The Future of Content Consumption: Which Screen?
By Christine Dorffi on Mar 28, 2008
March 2008 - Liz Gannes from NewTeeVee moderated a Stanford/MIT Venture Lab panel discussion regarding two startups offering opposite approaches to long-form video content delivery: VUZE for delivering/viewing free (ad-supported) content on computers and VUDU for delivering/viewing fee-based content on TVs via a VUDU device.
Some of the terminology that got flung about follows:
- Long-form video (movies, sports events) versus short-form video (typical YouTube snippets)
- Tail comprises the specialized segments for vertical audiences (e.g., snowboarding events, documentaries on esoteric subjects)
- Leaning Forward vs Sitting Back - Younger people who are accustomed to viewing and interacting with content on their laptops "lean forward" to view 10 inches away; over 35 age range tends to "sit back" 10 feet away from TV and be broadcast to. Describes an attitude toward video, versus just the physical posture.
- Live - the definition of "Live" was debated by panelists/audience. In the end, there seemed agreement around a "Live Event" (e.g., a boxing match or a concert) being watched in a linear manner in real-time (no time-shifting via DVR), and "Live Broadcast" which would be watching the live event in a time-shifted manner (DVR). Agreement that even pausing for 5 seconds makes it no longer "live."
The panelists were Mark Jung, CEO, VUDU; Gilles BianRosa, CEO, VUZE; Ben Huang, Product Mgmt director, Microsoft TV; Gary Lauder, Managing Partner, Lauder Partners (venture capitalists); and Howard Hartenbaum, General Partner, Draper Richards (venture capitalists).
Jung started off with a demo of VUDU, a closed-end peer-to-peer network for distribution storage via the VUDU boxes, each of which "volunteers" to serve any other VUDU boxes in its vicinity. Jung wants to merge the internet with TV on your TV (not on your laptop). The "special sauce" VUDU adds is the painstaking but small-footprint encoding to bring movies to DVD or Blu-ray quality.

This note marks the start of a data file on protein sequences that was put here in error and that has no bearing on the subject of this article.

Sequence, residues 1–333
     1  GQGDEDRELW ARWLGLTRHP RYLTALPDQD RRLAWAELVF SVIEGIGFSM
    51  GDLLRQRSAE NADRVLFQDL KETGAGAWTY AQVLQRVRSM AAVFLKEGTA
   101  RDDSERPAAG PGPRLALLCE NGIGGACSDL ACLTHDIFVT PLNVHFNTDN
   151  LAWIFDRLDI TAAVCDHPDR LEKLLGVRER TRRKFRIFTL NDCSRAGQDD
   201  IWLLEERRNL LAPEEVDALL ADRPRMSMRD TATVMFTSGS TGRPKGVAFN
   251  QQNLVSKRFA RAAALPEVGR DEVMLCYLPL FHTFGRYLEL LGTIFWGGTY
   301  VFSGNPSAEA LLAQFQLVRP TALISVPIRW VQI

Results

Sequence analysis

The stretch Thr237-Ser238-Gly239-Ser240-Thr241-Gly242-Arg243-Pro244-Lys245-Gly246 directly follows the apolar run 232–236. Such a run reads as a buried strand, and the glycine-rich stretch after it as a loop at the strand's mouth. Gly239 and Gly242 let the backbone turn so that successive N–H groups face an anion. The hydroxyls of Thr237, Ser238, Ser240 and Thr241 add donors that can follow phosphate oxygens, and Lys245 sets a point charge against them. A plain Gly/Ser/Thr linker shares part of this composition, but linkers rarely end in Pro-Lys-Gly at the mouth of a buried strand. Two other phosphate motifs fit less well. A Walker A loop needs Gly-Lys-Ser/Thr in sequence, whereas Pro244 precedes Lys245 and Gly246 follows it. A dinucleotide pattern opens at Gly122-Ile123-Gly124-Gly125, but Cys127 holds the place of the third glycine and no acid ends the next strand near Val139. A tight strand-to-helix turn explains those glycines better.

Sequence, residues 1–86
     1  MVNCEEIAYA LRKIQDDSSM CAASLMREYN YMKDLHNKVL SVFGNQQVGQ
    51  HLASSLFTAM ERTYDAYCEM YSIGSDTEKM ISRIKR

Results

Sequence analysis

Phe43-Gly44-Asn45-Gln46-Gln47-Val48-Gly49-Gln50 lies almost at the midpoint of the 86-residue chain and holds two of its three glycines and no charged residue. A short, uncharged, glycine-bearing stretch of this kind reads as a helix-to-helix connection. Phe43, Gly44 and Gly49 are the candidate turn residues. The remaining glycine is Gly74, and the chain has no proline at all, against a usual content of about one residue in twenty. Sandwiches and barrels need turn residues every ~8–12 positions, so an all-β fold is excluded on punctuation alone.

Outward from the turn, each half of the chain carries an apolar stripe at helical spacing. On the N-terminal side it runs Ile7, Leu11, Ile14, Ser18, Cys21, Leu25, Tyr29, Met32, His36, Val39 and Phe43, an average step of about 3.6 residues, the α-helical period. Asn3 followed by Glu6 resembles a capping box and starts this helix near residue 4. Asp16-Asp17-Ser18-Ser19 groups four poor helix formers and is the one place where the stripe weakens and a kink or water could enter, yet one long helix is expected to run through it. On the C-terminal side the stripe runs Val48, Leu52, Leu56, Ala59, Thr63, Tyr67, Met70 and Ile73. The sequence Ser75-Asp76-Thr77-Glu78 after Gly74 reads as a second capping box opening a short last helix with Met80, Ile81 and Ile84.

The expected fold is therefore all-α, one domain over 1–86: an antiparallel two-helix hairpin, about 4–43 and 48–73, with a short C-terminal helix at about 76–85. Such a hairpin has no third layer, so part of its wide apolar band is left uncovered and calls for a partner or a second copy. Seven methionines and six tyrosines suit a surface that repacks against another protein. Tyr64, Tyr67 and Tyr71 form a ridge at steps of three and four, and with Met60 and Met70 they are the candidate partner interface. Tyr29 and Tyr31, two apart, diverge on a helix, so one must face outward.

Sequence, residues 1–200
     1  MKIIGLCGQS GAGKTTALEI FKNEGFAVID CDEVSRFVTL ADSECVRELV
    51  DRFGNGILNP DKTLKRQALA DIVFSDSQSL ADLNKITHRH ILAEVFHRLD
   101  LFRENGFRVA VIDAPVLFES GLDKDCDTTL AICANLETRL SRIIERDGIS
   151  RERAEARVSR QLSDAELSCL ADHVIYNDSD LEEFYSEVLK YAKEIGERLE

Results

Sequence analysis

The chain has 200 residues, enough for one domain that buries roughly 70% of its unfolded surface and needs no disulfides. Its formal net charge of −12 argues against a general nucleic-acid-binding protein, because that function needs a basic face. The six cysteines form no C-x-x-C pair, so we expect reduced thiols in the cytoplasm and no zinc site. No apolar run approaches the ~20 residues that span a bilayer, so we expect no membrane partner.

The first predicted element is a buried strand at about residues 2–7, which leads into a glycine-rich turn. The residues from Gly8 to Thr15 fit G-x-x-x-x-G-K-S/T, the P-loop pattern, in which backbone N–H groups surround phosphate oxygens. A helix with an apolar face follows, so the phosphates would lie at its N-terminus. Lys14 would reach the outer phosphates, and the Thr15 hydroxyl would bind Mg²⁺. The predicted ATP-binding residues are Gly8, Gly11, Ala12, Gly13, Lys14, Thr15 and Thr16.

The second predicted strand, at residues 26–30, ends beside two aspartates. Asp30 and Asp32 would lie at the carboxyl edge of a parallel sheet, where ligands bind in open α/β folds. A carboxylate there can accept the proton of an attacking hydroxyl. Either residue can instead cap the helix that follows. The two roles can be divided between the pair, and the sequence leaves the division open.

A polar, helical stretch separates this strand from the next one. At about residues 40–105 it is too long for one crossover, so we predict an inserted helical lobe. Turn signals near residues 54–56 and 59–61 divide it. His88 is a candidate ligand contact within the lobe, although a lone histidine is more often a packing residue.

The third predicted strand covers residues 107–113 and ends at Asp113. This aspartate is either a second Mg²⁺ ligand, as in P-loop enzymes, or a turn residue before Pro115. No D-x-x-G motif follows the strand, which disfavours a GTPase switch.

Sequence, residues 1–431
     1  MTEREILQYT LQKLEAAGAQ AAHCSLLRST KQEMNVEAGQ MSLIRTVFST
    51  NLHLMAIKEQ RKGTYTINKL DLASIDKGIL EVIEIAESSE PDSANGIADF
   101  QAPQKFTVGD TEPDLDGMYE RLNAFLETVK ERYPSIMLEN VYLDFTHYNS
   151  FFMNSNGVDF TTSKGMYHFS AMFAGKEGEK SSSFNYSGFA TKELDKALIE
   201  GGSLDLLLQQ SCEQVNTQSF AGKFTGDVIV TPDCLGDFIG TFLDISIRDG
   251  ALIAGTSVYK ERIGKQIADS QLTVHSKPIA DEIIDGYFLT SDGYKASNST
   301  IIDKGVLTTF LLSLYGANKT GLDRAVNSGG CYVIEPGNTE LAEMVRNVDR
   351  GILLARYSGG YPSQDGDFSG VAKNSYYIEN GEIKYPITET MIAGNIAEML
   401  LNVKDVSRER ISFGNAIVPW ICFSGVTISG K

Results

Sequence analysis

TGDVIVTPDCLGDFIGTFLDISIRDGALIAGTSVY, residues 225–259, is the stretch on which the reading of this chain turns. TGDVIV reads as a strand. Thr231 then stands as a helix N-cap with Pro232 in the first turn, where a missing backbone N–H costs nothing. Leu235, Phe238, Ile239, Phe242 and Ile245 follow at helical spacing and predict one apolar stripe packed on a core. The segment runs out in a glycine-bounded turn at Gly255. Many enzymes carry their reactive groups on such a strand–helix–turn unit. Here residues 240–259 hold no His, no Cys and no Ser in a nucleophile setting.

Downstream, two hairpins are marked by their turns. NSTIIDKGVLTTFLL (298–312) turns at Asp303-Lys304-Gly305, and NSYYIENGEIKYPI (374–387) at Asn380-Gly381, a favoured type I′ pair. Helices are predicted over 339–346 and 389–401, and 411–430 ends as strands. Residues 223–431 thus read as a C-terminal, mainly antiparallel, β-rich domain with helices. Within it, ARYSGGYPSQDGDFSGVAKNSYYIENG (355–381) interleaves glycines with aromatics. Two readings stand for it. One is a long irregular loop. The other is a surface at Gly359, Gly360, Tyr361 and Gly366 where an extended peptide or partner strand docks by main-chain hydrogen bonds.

VUDU serves what he sees as the 2 kinds of viewers: those who know what they want to see and want to find it easily; those who was to be recommended to. VUDU lets you surf your TV the way you surf the internet. Jung believes such consumption will displace physical DVDs, pay-per-view, and broadcast TV consumption.
The UI makes aims to make the transaction process so easy that you (the consumer) don't realize how much you're spending -- for example, clicking a button to choose "Buy" rather than "Rent" in the middle of watching a video.
Jung also said they are looking at adding a publishing channel using their API where independent filmmakers can publish their videos and decide how much to charge for them. There was criticism that this was a filter, but Jung noted that State Attorney Generals will quickly sue publishers for "indecent" content so they have to check for that.
BianRosa then talked about VUZE's diametrically opposite approach, which is to serve content via laptops as "a global distribution and exchange channel for high-res digital content." He noted that as the numbers of subscribers/users grow, the numbers of views of tail content also increases, thus making it more defensible to serve up.
VUZE is open-platform, uses open-source APIs, and offers open pricing/business models to content providers. He says that in surveys, more than half of those surveyed preferred "free" ad-supported viewing (15-30 second ads) versus paying for content.
There was discussion around the cost of content delivery over the internet. Vuze has filed a complaint with the FCC against an ISP for its alleged restrictions on what its consumers are allowed to download.
Venture capitalist Hartenbaum observed that the trend is toward personalization. At his home (wife and kids), everyone watches different material on a different device because of divergent interests. He also noted that fewer and fewer people globally want to be served only American-generated content so what will have to change are the distribution rights/model.
Lauder (who owns a VUDU box) praised it as having a "really, really good user interface," which he believes is key -- a user's ability to quickly find the content she or he wants to view is critical.
Microsoft's Huang noted that Microsoft IS in people's living rooms already, via devices such as the XBox. He noted that people who have purchased a device are more willing to pay for content on that device -- $60 games, for example.
All in all, a thought-provoking session. It will be interesting to look back in another 12 months and see where both VUDU and VUZE are on the landscape.